At the same time, this recourse to civility is always fraught with jeopardy. Here, it allows Renault to soften Major Strasser’s order, and all but compel Laszlo’s appearance. Renault’s Hedge gives cover to a moral retreat.

Arendt on Enlightened Self-Interest

From the essay “On Violence” in Crises of the Republic (1972):

Nothing, unfortunately, has so constantly been refuted by reality as the credo of “enlightened self-interest,” in its literal version as well as in its more sophisticated Marxian variant. Some experience plus a little reflection teach, on the contrary, that it goes against the very nature of self-interest to be enlightened. To take as an example from everyday life the current interest conflict between tenant and landlord: enlightened interest would focus on a building fit for human habitation, but this interest is quite different from, and in most cases opposed to, the landlord’s self-interest in high profit and the tenant’s in low rent. The common answer of an arbiter, supposedly the spokesman of “enlightenment,” namely, that in the long run the interest of the building is the true interest of both landlord and tenant, leaves out of account the time factor, which is of paramount importance for all concerned. Self-interest is interested in the self, and the self dies or moves out or sells the house; because of its changing condition, that self cannot reckon in terms of long-range interest, i.e., the interest of a world that survives its inhabitants…. Self-interest, when asked to yield to true interest — that is, the interest of the world as distinguished from the self — will always reply, Near is my shirt, but nearer is my skin. That may not be particularly reasonable, but it is quite realistic; it is the not very noble but adequate response to the time discrepancy between men’s private lives and the altogether different life expectancy of the public world. To expect people, who have not the slightest notion of what the res publica, the public thing, is, to behave nonviolently and argue rationally in matters of interest is neither realistic nor reasonable.

Sonny Perdue “Broke His Word” on the Boundary Waters

Representative Betty McCollum said last week that Secretary of Agriculture Sonny Perdue had broken his word and betrayed his responsibility to care for public lands.

She made these remarks in response to Perdue’s cancellation of the two-year environmental review of the mining withdrawal of Forest Service lands adjacent to the Boundary Waters.

McCollum called out this exchange with Perdue on May 25, 2017.


(A transcript of the exchange may be found here).

It’s interesting, and in hindsight it’s perhaps telling, that Perdue answers before US Forest Service Chief Tom Tidwell can. Just about five months earlier, in December of 2016, Tidwell had stated unequivocally that allowing the Twin Metals mine would likely result in acid mine drainage to the Boundary Waters and the surrounding watershed — “an unacceptable risk.” But before Tidwell has a chance to answer — and presumably walk the committee through these findings — his new boss takes it upon himself to respond.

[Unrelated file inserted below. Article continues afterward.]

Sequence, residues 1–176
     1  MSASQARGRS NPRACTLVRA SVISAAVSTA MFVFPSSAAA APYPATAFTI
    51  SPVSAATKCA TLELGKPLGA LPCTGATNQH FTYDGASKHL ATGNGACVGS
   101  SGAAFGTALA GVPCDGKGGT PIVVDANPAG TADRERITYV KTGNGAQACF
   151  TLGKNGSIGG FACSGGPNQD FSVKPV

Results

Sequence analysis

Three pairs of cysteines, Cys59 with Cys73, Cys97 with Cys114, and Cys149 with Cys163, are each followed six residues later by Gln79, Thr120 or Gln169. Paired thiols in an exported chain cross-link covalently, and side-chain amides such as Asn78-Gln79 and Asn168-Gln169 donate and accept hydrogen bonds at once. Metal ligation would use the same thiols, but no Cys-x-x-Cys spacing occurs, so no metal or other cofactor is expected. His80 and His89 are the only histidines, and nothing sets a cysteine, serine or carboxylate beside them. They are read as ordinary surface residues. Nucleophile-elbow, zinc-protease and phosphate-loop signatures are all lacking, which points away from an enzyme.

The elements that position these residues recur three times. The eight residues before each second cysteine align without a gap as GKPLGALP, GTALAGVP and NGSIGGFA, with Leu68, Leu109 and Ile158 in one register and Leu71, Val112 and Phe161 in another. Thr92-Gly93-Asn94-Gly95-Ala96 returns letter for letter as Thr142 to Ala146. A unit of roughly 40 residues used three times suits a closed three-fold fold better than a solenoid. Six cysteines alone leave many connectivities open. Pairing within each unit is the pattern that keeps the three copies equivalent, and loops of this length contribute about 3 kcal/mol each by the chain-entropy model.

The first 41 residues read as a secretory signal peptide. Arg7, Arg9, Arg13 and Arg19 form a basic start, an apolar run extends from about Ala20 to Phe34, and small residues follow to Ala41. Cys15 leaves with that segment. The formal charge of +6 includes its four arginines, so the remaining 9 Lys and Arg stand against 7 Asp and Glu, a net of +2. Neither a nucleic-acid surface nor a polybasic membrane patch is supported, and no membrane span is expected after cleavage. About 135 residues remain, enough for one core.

Perdue right away reassures McCollum and other members of the House Appropriations Interior Subcommittee that he and Interior Secretary Ryan Zinke had “already met about this,” and they had agreed that “none of us, I’m not smart enough to know what to do without the facts base and the sound science, and we are absolutely allowing [the study] to proceed.” But despite this pledge, his posturing before the committee (“the buck stops here”), and his invocation of the “Hippocratic oath: first of all, do no harm,”

Secretary Perdue broke his word, bending to political pressure from a foreign mining company and abandoning sound science to give a green light to toxic sulfide-ore mining in the watershed that feeds the BWCA. Like the President he serves, Sec. Perdue’s word cannot be trusted.

McCollum’s statement continues:

The Trump Administration’s abandonment of the Rainy River Watershed mining withdrawal study is a politically-motivated and callous betrayal of their responsibility to care for our public lands. It completely disregards the scientific evidence that sulfide-ore mining in the watershed will cause irreparable harm to the pristine wilderness of the Boundary Waters. The Trump Administration is eliminating sound science from the equation in order to ram through a destructive giveaway to their friends at a foreign-owned mining corporation.

McCollum understood back in 2017 that Perdue was “receiving pressure from the mining industry.” Along with the Department of the Interior, the Executive Office of the President, and members of the House and Senate, the new Secretary of Agriculture was already being lobbied on the Twin Metals mineral leases. Lobbying reports filed by WilmerHale indicate that an inter-agency, full court press was already underway as early as the first quarter of 2017, even earlier than agency calendars or the timeline I have put together from them indicate.

So it’s hard to credit Perdue’s representations to the House committee in May of 2017 that when he and Zinke met to discuss the Twin Metals mineral leases, they agreed that they were not the smartest guys in the room, and they should wait to have all the facts before rushing headlong into any decisions. It now appears their minds were already being made up for them.

Postscript. 15 September 2018. Some notes on the Zinke-Perdue meeting in this Twitter thread.

 

A Second Boundary Waters Reversal, And Its Connection to the First